Tag Archives: injury

When Should You Worry About a Black Eye?

A black eye, medically known as periorbital hematoma, usually develops when there is blunt-force trauma to the upper face, resulting in bruises that form around the eye(s). A black eye will likely change colors as it heals, perhaps starting red and changing to black, blue, green or yellow with time. Most black eyes resolve themselves within a week or so and don’t cause any significant medical trouble, but sometimes they cause dangerous complications if not immediately treated.

Potential Dangers of a Black Eye

Potential complications that can arise from a black eye (and would require immediate medical attention) include:

  • Detached retina
  • Retinal damage
  • Traumatic uveitis
  • Damage to the optic nerve
  • Hyphema (bleeding in the eye)
  • Skull fracture
  • A concussion
  • Internal bleeding

10 Signs There May Be Trouble

Some of the key signs that you need to seek immediate medical treatment for one of the aforementioned complications include:

  1. Signs of a concussion
  2. Redness, swelling or discoloration to the eye itself
  3. Visible blood in your eyeball
  4. Blurred or double vision or trouble seeing
  5. Vision changes such as bright flashes or ‘floaters’
  6. Excessive pain
  7. Excessive bruising around both eyes
  8. Bleeding from the nose or ears
  9. Pain when looking back and forth
  10. Signs of infection

Dos and Don’ts of Black Eye First Aid


  • Start with a cold compress for 10-15 minutes
  • Apply heat to the area after a couple days (this will help blood flow return to normal)
  • Take acetaminophen for the pain
  • Get it checked out by a professional


  • Apply raw meat to the area – unless you’re hoping for an infection to develop!
  • Take NSAIDS (like Advil) as they may increase bleeding
  • Press on or poke at the injured area

The best thing to do is to get a doctor to take a look at any black eye, even if you don’t think it is serious so he or she can decide the status of the injury for themselves, as well as the appropriate treatment. Thanks for visiting DocChat!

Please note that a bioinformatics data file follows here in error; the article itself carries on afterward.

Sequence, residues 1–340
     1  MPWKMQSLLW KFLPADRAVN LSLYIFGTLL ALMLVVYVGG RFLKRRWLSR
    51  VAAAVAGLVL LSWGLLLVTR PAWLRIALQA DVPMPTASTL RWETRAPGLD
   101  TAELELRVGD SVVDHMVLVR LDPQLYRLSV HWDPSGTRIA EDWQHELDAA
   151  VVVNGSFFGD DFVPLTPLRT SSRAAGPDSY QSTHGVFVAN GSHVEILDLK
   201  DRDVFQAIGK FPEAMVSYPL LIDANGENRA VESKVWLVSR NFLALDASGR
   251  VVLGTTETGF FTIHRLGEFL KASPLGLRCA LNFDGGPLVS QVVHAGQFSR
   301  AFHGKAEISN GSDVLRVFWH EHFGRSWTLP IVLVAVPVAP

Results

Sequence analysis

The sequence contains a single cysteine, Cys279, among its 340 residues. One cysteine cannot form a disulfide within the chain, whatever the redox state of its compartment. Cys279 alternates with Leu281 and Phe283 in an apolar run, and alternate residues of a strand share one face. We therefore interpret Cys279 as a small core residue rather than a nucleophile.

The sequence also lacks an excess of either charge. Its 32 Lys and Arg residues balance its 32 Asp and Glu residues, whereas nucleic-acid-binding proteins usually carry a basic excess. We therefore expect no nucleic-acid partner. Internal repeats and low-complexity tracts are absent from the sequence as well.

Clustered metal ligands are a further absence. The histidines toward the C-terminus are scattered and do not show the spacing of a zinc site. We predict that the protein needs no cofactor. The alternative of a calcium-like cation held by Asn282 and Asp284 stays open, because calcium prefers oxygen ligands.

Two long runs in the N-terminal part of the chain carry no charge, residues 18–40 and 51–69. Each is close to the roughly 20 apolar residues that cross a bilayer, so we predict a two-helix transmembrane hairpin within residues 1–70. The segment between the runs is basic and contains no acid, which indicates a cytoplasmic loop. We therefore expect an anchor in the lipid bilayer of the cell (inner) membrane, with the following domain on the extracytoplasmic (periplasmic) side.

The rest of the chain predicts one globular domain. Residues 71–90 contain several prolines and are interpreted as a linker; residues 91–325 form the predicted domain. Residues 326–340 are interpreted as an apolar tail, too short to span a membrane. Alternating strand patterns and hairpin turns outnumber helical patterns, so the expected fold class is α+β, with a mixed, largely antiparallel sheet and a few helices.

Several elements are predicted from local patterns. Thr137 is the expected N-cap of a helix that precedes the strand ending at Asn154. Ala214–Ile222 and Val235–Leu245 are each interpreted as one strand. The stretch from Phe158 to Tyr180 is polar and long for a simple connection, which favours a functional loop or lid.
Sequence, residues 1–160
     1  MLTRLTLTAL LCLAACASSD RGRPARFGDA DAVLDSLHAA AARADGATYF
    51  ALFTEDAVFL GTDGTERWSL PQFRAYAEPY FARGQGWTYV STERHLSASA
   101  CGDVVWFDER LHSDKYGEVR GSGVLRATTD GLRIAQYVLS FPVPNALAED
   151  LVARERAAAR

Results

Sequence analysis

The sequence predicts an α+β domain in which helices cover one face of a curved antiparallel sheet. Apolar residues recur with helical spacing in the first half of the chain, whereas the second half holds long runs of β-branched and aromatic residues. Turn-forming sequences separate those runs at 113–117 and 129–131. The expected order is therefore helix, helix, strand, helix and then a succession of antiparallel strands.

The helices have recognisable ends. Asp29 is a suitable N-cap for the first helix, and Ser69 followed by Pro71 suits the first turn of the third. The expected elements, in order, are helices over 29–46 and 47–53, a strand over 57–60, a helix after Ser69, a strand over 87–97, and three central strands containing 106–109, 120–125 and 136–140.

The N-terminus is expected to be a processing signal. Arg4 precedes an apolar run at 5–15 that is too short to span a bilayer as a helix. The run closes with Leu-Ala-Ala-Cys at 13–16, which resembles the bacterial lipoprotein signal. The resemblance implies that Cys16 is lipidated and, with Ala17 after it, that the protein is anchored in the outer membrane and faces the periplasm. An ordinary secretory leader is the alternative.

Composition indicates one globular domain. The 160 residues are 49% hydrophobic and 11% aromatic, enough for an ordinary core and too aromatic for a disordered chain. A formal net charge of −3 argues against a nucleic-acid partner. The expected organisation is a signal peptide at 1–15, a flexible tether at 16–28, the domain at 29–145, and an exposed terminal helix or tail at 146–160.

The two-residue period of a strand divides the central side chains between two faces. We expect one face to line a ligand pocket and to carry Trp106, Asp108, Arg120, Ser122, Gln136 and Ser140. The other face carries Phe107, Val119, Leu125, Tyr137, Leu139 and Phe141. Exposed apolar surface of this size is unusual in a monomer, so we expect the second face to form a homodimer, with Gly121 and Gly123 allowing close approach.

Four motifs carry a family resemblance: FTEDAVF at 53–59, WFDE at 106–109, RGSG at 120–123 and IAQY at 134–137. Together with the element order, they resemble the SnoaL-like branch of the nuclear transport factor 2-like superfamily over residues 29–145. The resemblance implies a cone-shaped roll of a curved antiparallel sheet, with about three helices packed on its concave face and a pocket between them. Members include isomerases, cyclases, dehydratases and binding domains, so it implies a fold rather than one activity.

Do you Have the Kneezles?

Well, we tricked you! ‘The Kneezles’ aren’t a real condition, but we do want to examine some common conditions that affect the knees and let you know what you can do to help them!

  1. Osgood-Schlatter Syndrome is a condition that usually begins and resolves itself in early adolescence. It can be triggered by growth spurts and causes inflammation of the patellar tendon. It can be quite painful and often interferes with recreational sports. OTC medications and physio can help make this syndrome less painful.
  2. Bursitis or tendonitis both cause painful soft tissue inflammation around the knee bone (or any other joint). Because tendons are crucial to any kind of movement, both these conditions can be highly painful and restrict movement. Ice and heat, TENS machines and physio may be helpful for cases of knee tendonitis or bursitis.
  3. Arthritis – there are many different forms of arthritis that can cause chronic knee pain including: osteoarthritis, rheumatoid, psoriatic, gout, reactive arthritis or lupus, just to name a few. If you experience regular aching or pain in your knees as well as other joints, it may be time for a doctor’s visit to see if you may have some type of arthritis.